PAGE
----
The premium liqueur market seems to be bucking a wider trend of declining sales, with new products coming to market despite the tough economic climate.
Consumers are moving away from the lower end of the market and discovering the better value and taste in premium products.
Myles Cunliffe, director of Mixology Group, has suggested that consumers are starting to realise that a product made with greater care and attention brings about more natural flavours and improved taste.
"Consumers are also becoming more educated and trying new and interesting products," he noted.
For this reason, new unique spirits are entering the back bars of establishments in the hope of capturing this market.
One notable trend is the release of seasonal liqueurs. Last month saw the launch of Rhuby, a premium drink made from spring-grown vegetable rhubarb.
"The idea behind a rhubarb liqueur came out of these childhood memories and the lack of presence of this loveable flavour in any well-stocked cocktail bar," Ylva Binder, founder of Rhuby, told The Drinks Business.
"My memories of biting into a stalk of rhubarb as a child have always stayed with me. I loved it and for me it was a feeling of complete happiness. Rhuby is as close as I can get to bottling that feeling."
It is distilled in Sweden at the country's first organic distillery, which hosts its own annual rhubarb festival.
And it is just one example of a liqueur that will attract sales both from its unique ingredient but also from the alluring bright pink/red bottle on the back bar.
Mr Cunliffe explained that the days of day-glo spirits and random flavours might have now gone, but new markets for interesting flavours are emerging.
Elderflower liqueur St Germain and ginger spirit Domain de Canton are experiencing strong demand, he noted, while older spirits that once seemed unique are making a comeback, like the cherry-flavoured Maraschino and violet-flavoured Violette liqueur.
What might come as a surprise is the popularity of tobacco liqueur Perique among drinkers.
"This uses one of the rarest tobaccos on earth, and adds a greater depth to the cocktails that we use it in," Mr Cunliffe said, noting that all nicotine content has been removed, making it safe and non-carcinogenic.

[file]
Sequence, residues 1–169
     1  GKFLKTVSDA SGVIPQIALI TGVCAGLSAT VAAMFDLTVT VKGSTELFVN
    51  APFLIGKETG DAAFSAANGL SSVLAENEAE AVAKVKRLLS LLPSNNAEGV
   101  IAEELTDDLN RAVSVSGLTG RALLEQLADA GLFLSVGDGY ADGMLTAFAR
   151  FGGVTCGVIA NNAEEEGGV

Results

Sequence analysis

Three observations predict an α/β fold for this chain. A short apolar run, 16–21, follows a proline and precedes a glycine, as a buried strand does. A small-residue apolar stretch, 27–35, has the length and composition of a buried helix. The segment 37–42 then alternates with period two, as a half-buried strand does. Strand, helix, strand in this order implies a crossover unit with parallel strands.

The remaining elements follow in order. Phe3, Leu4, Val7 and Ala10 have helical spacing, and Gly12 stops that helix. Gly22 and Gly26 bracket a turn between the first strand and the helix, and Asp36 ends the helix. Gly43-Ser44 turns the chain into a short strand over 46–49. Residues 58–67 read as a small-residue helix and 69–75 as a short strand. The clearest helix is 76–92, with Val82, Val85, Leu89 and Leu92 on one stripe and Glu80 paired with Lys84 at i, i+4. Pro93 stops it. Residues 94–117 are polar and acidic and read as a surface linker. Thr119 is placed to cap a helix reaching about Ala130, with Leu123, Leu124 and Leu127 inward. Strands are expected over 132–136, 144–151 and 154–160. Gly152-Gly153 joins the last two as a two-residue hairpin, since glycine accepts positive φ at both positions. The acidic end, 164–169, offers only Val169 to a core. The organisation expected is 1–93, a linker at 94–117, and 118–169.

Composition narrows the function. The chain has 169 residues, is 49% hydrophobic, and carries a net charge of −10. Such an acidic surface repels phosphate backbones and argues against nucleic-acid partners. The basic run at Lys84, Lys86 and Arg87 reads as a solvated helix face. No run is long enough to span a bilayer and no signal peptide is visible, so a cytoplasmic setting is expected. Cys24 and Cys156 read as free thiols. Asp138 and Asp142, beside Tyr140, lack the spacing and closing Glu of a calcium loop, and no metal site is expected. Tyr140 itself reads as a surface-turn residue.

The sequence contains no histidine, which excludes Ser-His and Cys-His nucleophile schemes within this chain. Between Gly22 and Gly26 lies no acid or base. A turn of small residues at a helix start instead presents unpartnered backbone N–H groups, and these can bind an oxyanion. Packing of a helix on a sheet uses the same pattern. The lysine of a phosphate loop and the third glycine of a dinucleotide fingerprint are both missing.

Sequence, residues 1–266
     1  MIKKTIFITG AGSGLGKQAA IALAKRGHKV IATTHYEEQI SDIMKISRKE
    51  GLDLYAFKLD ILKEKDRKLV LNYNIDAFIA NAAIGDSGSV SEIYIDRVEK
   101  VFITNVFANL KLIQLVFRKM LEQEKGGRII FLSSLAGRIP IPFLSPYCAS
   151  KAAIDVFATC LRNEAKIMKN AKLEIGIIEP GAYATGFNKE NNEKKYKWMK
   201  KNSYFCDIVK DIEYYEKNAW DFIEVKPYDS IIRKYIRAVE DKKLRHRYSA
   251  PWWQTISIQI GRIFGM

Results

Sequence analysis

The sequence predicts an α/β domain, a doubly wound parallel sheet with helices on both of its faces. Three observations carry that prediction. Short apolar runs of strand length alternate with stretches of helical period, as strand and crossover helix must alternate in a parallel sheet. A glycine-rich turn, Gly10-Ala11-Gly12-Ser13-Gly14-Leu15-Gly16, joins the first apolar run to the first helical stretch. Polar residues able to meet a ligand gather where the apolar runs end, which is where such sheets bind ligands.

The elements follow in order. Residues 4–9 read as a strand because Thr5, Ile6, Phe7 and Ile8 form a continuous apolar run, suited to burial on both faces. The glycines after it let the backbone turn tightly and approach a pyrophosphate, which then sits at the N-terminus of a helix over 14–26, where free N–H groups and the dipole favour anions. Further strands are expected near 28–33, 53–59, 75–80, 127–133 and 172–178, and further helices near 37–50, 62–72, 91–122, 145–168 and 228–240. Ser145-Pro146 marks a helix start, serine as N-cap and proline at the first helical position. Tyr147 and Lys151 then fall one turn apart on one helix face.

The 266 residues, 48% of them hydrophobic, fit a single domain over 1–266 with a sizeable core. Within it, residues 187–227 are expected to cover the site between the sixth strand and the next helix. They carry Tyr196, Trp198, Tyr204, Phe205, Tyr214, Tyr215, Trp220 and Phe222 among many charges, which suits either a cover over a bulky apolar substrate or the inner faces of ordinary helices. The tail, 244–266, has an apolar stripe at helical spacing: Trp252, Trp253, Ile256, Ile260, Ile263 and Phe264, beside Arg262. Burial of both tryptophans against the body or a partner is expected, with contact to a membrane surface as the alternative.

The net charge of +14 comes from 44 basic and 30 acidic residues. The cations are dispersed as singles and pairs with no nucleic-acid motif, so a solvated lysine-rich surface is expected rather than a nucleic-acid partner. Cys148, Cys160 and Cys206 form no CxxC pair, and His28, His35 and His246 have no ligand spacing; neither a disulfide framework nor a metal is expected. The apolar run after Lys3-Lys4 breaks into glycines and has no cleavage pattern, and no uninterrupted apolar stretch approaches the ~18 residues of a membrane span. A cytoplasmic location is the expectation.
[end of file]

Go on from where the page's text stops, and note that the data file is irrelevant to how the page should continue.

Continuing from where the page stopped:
"Another massive surprise success would be the tequila/coffee combo from Patron called Patron XO Café," the expert observed.
"This is a delicious blend of coffee and tequila, and when served straight from the freezer is delicious by itself or works incredibly well in classic drinks like the Espresso Martini."
In addition to the trend for unique flavours, the lines between food and drink are being blurred even further, with bartenders and chefs creating their own unique combinations.
"You may for example get a lime sorbet as a desert on which you can pour a measure of tequila and orange liqueur over to create your own 'margarita' at the table," Mr Cunliffe explained.
While this could still be considered as a fad, it serves to highlight how customers are keen to try inventive flavour combinations, while it also adds a piece of theatre to the dining/drinking experience, just as unique spirits aim to do.
However, it is also possible that within the UK, unique flavours will remain a fad as consumers become enamoured with nostalgia.
Thanks to the media and marketing association English Wine Producers, home-grown products are making a definite comeback in the sensibilities of the British drinker. English wine is being promoted ahead of the summer and as its quality is improving, the push could lead English wine to stay on top once autumn arrives.
This in turn could affect the spirits industry, according to Mr Cunliffe, who suggested that the rise in quality in English wine could see resurgence in vermouth and aromatised wines distilled in the UK.
He even predicted that this vote of confidence in home-grown spirits could lead to more distillers producing unique liqueurs like sloe and damson gin, bringing the UK's spirit industry back to life